Sunday was the 4th Annual Hamilton 5k to raise funds for a local elementary school.  The weather was perfect for a run, cloudy and in the 50s.  I've never done this race because, as I've said before, I used to refuse to do local races for fear my local friends, neighbors would find out that I was a fraud.  But I have finally let that go and it turns out to have been a pretty great idea.  My sister decided to join us for the run with my 2 sons Dylan (10) & Maddox (9) along with our favorite friends Jack & Joel.  The amazing, Nicole Redmond, "volunteered" to keep Charlotte for the race so no one had to "deal" with her while we were running.  Running with Wendy was awesome (just don't tell her, I'll never admit it).  She asked what my PR was and what my goal was - my goal was to run a 5k under 30:00.  My last one I came close at 30:59 but knew I could have done better had I not stayed with Dylan at the beginning which slowed me down.  That's right - I just blamed my 10 year old son for slowing me down - I'll use any excuse I can get my hands on.  Telling Wendy my goal was either the best idea or the worst (hindsight is always 20/20).  We were cruising along - too fast for me but it wasn't unbearable.  She's way faster than me and I told her to go ahead but she insisted on staying with me as she had no goal for this race.  At the mile 2 water station I was hurting and dying of thirst.  I said, "I need to stop for water".  NO WAY - you are NOT stopping bc then you won't PR this race.  Again, not sure telling her was a good idea at the time.  But I listened knowing that at the end I'd be happy I did.  It was "only" one mile left but a long mile at that.  We got to 2.5 miles and she says, "OK now we're going to kick it" - sadly sister sledge, I AM kicking it.  I was giving it all I had - if it had been up to me I'd still be at the Mile 2 water station.  Then I turned into the parking lot and saw the clock 28:15 and I knew I had no only beat my goal time but crushed it by over a minute.  Then I kicked up as fast as I could for an official finish time of 28:51.  I was over the moon but hurting badly. 

Throughout the entire race we were waiting to see the boys on the side of the road crying, breathing heavy, crawling etc but we never saw them until the end.  They also killed it.  Not only did they kill their own PR times but they beat me by a lot - they are usually my excuse to go slow.  Dylan told me that excuse was now out the window - don't you just love kids?  They are so great.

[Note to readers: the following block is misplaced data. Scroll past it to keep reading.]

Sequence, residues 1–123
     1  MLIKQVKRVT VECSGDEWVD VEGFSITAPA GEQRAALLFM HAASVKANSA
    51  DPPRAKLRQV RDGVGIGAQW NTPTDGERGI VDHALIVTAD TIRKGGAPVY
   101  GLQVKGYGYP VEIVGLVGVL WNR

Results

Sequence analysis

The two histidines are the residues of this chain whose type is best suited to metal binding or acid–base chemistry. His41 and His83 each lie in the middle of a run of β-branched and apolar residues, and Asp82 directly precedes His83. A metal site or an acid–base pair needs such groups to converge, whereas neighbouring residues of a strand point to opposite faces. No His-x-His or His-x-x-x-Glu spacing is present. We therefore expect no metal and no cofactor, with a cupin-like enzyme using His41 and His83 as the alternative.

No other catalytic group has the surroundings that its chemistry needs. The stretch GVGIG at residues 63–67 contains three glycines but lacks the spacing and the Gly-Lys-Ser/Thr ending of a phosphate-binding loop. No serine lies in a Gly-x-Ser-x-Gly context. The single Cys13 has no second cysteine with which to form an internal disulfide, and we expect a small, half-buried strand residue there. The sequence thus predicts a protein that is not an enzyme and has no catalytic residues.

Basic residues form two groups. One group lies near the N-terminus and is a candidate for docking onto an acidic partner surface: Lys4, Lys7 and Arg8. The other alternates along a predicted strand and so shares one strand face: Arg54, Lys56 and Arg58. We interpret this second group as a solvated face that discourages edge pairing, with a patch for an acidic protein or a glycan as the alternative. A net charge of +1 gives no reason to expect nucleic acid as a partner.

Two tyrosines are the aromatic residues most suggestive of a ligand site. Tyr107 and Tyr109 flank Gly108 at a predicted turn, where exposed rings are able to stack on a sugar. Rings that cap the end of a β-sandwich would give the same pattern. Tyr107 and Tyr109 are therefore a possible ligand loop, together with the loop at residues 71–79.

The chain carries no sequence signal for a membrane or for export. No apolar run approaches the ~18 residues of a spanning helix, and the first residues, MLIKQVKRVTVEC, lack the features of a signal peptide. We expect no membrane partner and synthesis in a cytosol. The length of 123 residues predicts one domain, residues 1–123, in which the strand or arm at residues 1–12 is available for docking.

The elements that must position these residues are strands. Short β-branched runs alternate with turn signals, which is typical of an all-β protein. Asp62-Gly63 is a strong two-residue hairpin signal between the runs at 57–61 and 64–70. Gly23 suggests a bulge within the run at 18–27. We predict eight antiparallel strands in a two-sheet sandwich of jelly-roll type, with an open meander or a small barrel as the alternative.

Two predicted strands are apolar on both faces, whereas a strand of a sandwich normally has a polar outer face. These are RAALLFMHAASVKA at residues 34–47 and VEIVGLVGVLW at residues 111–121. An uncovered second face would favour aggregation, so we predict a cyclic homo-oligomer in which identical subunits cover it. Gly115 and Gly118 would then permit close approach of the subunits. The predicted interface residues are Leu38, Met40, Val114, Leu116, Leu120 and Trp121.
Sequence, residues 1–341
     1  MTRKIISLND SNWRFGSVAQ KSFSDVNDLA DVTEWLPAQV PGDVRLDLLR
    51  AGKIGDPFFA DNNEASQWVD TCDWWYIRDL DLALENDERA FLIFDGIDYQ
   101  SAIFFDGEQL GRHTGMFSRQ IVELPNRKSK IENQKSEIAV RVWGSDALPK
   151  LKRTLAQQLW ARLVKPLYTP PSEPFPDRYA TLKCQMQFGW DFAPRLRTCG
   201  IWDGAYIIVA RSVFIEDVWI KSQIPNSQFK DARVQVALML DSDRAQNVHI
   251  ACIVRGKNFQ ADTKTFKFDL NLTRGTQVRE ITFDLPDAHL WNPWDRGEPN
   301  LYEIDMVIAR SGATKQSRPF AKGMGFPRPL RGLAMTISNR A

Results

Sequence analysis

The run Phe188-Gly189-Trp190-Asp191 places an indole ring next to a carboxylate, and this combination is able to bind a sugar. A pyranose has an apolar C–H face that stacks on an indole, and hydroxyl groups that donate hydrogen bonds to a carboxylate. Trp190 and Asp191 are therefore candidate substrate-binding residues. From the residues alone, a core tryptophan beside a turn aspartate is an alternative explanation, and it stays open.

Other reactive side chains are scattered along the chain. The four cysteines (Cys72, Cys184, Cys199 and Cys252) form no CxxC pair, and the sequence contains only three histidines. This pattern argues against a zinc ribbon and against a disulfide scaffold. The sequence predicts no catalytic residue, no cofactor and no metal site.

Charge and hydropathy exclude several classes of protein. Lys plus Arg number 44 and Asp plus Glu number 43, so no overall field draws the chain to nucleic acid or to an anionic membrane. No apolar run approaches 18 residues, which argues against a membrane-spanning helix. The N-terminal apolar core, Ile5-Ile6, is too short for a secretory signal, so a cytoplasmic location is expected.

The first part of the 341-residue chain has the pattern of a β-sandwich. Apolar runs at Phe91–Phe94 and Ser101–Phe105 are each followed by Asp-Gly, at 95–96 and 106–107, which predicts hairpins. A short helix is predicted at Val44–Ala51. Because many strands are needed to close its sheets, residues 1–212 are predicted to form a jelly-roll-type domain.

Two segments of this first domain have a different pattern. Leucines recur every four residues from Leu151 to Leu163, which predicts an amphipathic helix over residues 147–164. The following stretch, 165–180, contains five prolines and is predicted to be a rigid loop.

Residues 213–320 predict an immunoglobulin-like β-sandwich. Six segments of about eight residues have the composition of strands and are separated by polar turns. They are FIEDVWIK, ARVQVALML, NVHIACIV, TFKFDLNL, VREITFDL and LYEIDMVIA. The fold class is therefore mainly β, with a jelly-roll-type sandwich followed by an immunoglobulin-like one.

The Boys!
We are all experiencing some leg pain today.  Yesterday the boys were pretty much wiped out since after the 5k they both had a football game to play, which nearly caused them to be punished until the end of time but once we got to the game they were fine (that's a story for a parenting blog that is too boring to even explain).
Wendy, Deihdra, Dylan, Jack, Maddox, Joel

This 5k coincides with the Virtual Cupcake Classic and I was able 
to wear this awesome shirt to the race.  You are supposed to eat cupcakes after the race but we were in such a whirlwind after that we never got to it.  We made up for it today - after school the 3 of us enjoyed these amazing red velvet cupcakes in honor of our awesome day yesterday.  

Let them eat CUPCAKES!
Let them eat CUPCAKES!
Thank you greatly to my beloved sister, Wendy, for pushing me beyond my comfort level.  To Nicole for housing Charlotte even after the race, Liat for being the best "holder of shit" there is.  To Holly for putting on a great event for me to PR.  To Run with Jess for the best tshirt which offered up many great comments.  And for my boys - nothing makes me happier than seeing my kids enjoy sport and working hard to achieve their goals (even when I told them their goals were insane - they proved me wrong).

                Dylan Miller-JonesM10Glen Rock 27:10.148:45

            Maddox Miller-JonesM9Glen Rock 28:18.259:07
                        Deihdra MillerF38Glen Rock 28:51.689:18

Tuesday, September 11, 2012

There is a first for everything.

Thanksgiving is the best meal.  I wait all year for it. It's the greatest holiday - the festivities, family and  food but none of the pressure of the ever dreaded Christmas.  When I found out the Pumpkinman Triathlon offered a post race meal of Thanksgiving - I was IN!  To be honest the real reason for racing was that they were hosting this year's AquaBike NorthEast Regional Championship.  My beloved Non-Lesbian Life Partner, Kevin, works very hard with USAT on their AquaBike Task Force (yes, that is actually a thing and I make fun of him often for it but he's still on the task force).  Because of the work he does with this group we try hard to support AquaBike events in order to bring attention to them as a "real" & growing sport.  After we registered for the race, THEN I found out about the Thanksgiving meal and was not at all upset about the 6 hour drive to Maine.

GREATEST post race meal EVER, EVER EVER!

I was registered for the sprint race on Saturday.  The drive up wasn't pretty - turns out Romney and my other boyfriend, I mean Obama, were both in New Hampshire making the drive there difficult.  I say this as if it really afftected me - I was sound asleep for 90% of this drive but Kevin told me the traffic was awful.  Packet pick up was easy it was at the race location and the volunteers were kind and helpful.  This race is in a very small town in Maine and the whole town is behind this race - the location was beautiful, the lake was the PERFECT location for a triathlon.  The swag was really nice, even the stickers were nice!  Back to the hotel, bag packed ready for the morning.